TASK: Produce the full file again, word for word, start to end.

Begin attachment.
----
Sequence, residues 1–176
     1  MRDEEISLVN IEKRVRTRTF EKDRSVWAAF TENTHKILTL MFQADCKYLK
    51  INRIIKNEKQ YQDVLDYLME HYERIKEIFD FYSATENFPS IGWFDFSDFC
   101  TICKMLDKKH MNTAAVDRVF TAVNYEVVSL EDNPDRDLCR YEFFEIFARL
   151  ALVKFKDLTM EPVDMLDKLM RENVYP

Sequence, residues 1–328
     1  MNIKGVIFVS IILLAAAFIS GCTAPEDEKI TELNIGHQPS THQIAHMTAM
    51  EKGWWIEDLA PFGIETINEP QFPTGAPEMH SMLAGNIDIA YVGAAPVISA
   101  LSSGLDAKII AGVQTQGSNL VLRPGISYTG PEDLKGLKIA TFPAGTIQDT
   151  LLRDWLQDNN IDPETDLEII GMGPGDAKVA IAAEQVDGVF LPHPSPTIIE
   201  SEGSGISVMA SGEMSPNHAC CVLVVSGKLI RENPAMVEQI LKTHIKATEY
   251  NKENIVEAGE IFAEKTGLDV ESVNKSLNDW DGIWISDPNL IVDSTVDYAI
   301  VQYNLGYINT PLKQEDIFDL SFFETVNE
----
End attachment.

Sequence, residues 1–176
     1  MRDEEISLVN IEKRVRTRTF EKDRSVWAAF TENTHKILTL MFQADCKYLK
    51  INRIIKNEKQ YQDVLDYLME HYERIKEIFD FYSATENFPS IGWFDFSDFC
   101  TICKMLDKKH MNTAAVDRVF TAVNYEVVSL EDNPDRDLCR YEFFEIFARL
   151  ALVKFKDLTM EPVDMLDKLM RENVYP

Sequence, residues 1–328
     1  MNIKGVIFVS IILLAAAFIS GCTAPEDEKI TELNIGHQPS THQIAHMTAM
    51  EKGWWIEDLA PFGIETINEP QFPTGAPEMH SMLAGNIDIA YVGAAPVISA
   101  LSSGLDAKII AGVQTQGSNL VLRPGISYTG PEDLKGLKIA TFPAGTIQDT
   151  LLRDWLQDNN IDPETDLEII GMGPGDAKVA IAAEQVDGVF LPHPSPTIIE
   201  SEGSGISVMA SGEMSPNHAC CVLVVSGKLI RENPAMVEQI LKTHIKATEY
   251  NKENIVEAGE IFAEKTGLDV ESVNKSLNDW DGIWISDPNL IVDSTVDYAI
   301  VQYNLGYINT PLKQEDIFDL SFFETVNE